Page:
22. There was original art in your house when you were a child. I'm bolding this one, but don't misunderstand: it's not like we lived in a place with oil canvases on the walls. Original "artwork" of the period (note: the 70s) included a chalk-on-felt painting of a tattered pirate ship, various needlepoint/cross-stitch pieces, and many examples of string art and latch hookery done by yours truly.
23. You and your family lived in a single-family house.
24. Your parent(s) owned their own house or apartment before you left home.
25. You had your own room as a child. I should note that, as an only child, there wasn't much of an option.
26. You had a phone in your room before you turned 18. Tess & I rather disagree on this one: I figure it's just how you grew up. I had a phone in my room during those high-drama teen privacy years, so it was no big deal. She didn't, so she doesn't like the idea. Either way, it's liable to be moot since I'm sure by the time it comes around, Rozzle will just...I don't know, have a phone chip imbedded in her brain or something.
27. Participated in a SAT/ACT prep course.
28. Had your own TV in your room in high school. It actually wasn't in my bedroom, but there was a second TV in the basement where I hung out a lot, so I suppose that counts. I was the only one down there watching it, and it was hooked up to cable as well, so I guess it's the same idea.
29. Owned a mutual fund or IRA in high school or college.
30. Flew anywhere on a commercial airline before you turned 16.
31. Went on a cruise with your family.
32. Went on more than one cruise with your family.
33. Your parents took you to museums and art galleries as you grew up. This strikes me as "privilege" only because it shows a cultural awareness; I think EVERYONE has the opportunity to go to museums - there are several that are free or "honorary donation" in the Lansing area - it's just that too few people put enough of a priority on going to them.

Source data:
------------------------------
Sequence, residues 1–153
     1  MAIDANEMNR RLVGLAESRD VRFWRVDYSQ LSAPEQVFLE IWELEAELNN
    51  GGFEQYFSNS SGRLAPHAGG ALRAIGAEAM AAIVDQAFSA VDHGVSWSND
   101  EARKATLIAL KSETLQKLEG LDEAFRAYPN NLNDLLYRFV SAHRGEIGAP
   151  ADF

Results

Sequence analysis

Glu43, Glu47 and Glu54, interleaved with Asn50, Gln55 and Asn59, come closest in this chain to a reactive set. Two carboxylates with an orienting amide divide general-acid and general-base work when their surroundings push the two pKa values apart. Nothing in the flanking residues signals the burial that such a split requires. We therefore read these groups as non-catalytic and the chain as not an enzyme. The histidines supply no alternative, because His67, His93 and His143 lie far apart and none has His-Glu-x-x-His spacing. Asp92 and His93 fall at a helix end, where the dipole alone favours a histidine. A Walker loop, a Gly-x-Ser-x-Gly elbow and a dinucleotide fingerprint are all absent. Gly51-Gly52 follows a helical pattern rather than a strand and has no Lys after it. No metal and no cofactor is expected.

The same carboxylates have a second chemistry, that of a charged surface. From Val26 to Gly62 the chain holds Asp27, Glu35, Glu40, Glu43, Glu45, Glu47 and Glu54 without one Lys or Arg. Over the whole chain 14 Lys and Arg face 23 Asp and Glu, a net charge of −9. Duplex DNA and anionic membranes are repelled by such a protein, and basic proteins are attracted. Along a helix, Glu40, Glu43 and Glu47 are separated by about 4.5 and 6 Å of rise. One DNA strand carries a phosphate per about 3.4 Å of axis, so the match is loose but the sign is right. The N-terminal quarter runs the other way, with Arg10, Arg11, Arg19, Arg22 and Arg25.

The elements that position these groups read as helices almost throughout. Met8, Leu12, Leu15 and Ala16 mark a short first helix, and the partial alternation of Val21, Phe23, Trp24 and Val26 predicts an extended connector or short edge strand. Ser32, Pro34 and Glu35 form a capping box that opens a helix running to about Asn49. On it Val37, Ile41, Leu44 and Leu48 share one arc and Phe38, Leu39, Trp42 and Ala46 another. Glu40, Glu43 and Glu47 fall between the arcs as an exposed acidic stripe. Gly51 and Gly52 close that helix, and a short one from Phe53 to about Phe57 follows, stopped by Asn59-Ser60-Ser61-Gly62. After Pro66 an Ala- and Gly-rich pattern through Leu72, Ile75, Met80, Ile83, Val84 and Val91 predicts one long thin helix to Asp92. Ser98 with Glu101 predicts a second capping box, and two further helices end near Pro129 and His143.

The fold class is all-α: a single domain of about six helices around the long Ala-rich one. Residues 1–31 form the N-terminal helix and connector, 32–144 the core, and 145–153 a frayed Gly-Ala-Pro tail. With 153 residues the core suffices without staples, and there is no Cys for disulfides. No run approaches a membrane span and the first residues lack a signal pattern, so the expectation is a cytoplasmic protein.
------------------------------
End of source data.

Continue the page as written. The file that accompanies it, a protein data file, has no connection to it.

34. You were unaware of how much heating bills were for your family. This was when I lived in Cass City, where the house we lived in had electric heat. That was supposed to be one of the "cures" for fuel oil heat coming out of the energy crunch of the 70s, but of course it mostly backfired when electricity went out of sight in the 80s. It made for an interesting house - no furnace of any kind - but each room had its own individual thermostat, and mom was ADAMANT that when you weren't in the room (say, your bedroom), you turned the heat down. We mostly heated the downstairs with a fireplace with an inserted catalytic converter. And, I chopped a LOT of wood in the fall.

Like Steph before me, I don't generally think of myself as either terribly privileged OR spoiled. I realize that I've been given a lot, but I've also been raised to assume that, having been given something once (like a car), it's not likely to happen again, and that I need to take good care of whatever it is. So, I learned good rules along the way, but looking back over this list I realize that there must be millions of people just in this country alone who could only highlight a handful of the items. If that. If you're so inclined, consider yourself tagged for this meme.


Blogger L*I*S*A said...

I'm going to have to do this little tagaroo for myself.

1:07 PM  
Blogger Steph said...

The more I look at it, the more I think It's kind of a weird meme. It assumes a bunch of things, like that you would have both a mom and dad and that you would live in a place where owning a single-family home was a mark of privilege (you could own a million-dollar apartment in Manhattan or a falling-down farmhouse in rural Kansas and the farmhouse would score more privilege on this meme, which seems screwy), and then there's nothing about what kind of food you ate or if you were every hungry or lived close to a decent grocery store, and then there's also nothing about one's own adulthood--it's just a measure of childhood privileges. Although I think it was designed for a college classroom, so I guess that makes some sense. Anyway, it's flawed, but still interesting to do, and interesting to read others' results. Glad you picked it up.

4:35 PM  

Post a Comment

<< Home